• If multiple people are connecting from one place, they either need to a) use a shared device without a headset, or b) use separate devices with earbuds / headset in separate rooms.
  • A decent quality headset can help. Even cheap earbuds can be better than the built in microphone / speakers on cheap laptops. If you’re sharing a device, consider buying a decent webcam with built in microphone.
  • Avoid moving your device or sitting it on your lap / hand. Video feeds are best from a fixed location - figure out a good place before the meeting starts.
  • Consider lighting and audio. I’ll go into more detail about A/V setup in a future post, but don’t join the meeting in a dark, noisy room - quiet and bright are the way to go!
  • Having a good quality Internet connection is important. If you’re stuck on ADSL, you may want to join via 4G / LTE / mobile data. If you know parts of your house have bad WiFi, find somewhere with better signal. This is doubly important for hosts as their bad Internet affects everyone else.
  • Hosts: Zoom lets you name your meeting. Please do that! It will hint to participants they’re in the right place. And sorry, “My Meeting“ is not good enough.
  • For hosts in particular, practise in advance! Technology is fickle, but the more familiar you are with it, the better prepared you will be. If you’re planning on using a new feature, try it out with a friend / family member a few days before hand.
  • Having alternate communications available can be helpful if / when things go wrong. A quick SMS or WhatsApp message can be the difference between someone joining or missing out.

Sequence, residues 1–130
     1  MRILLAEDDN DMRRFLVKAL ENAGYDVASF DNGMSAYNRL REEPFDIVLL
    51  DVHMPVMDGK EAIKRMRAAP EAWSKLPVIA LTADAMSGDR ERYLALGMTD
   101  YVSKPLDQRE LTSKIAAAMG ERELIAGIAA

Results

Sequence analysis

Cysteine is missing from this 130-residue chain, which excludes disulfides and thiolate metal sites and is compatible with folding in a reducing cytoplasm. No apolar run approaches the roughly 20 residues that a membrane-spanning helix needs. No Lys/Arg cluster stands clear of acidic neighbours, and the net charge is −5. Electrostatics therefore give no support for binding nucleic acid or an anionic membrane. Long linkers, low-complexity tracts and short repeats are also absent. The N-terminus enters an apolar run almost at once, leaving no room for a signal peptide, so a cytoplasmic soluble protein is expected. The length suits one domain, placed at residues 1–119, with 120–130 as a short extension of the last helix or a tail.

• Hosts: Publish both links and meeting IDs. Many platforms will generate a meeting ID and a magic link; publish both of them. One or the other may be easier for each participant (or at least gives people a different option if one doesn’t work). Try to use the same meeting ID for each meeting, as it helps people re-connect. Using a link shortening service can cause confusion, and typing in an 8 digit meeting ID is probably quicker anyway.
  • Unfortunately, many “work from home” technology items are in short supply at the moment. You may need to wait a few weeks before a webcam or headset is available.

And don’t forget to check out official help websites if you run into trouble:

Security and Zoom

Zoom has exploded in popularity in the last few months, and had the usual security dramas you’d expect with such an explosion. As someone who cares about security and prefers Signal as their messaging app, Zoom is anything but perfect - it’s certainly not good enough for discussing secret, confidential or sensitive things (so government and businesses beware).

But for family catch-ups, church meetings and public webcasts it’s good enough.

Unfortunately, Zoom bombing is a thing. So here is the absolute bare minimum you must know for a secure Zoom meeting:

  • You must use a password OR the waiting room. Both provide a barrier to prevent random or uninvited participants.
  • You must disallow participant screen sharing. Zoom bombing happens when an abusive person joins and shares their screen with obscene or offensive pictures. So turn that option off.
  • If you’re hosting a public meeting, it’s strongly recommended to designate someone as a bouncer / gatekeeper. Their role is simple: admit people who are allowed, and kick anyone abusive.
  • You must disable join before host for public meetings. Again, you must have a bouncer present. Always.

Before you start your meeting, you can set a password, the waiting room and disable join before host:

Options for your meeting: password, waiting room, join before host.

But I can’t see any way to disable screen sharing until you begin the meeting:

Once you start the meeting, you can disable screen sharing

More security information:

Other References

If my article hasn’t got the information you need, try one of these:

(My article is based on both my experience and the above).


This whole virtual-meeting thing is a bit of a pain. Hopefully, these tips will help you make the best of difficult times. And we’ll be able to stay connected even when we’re isolated at home.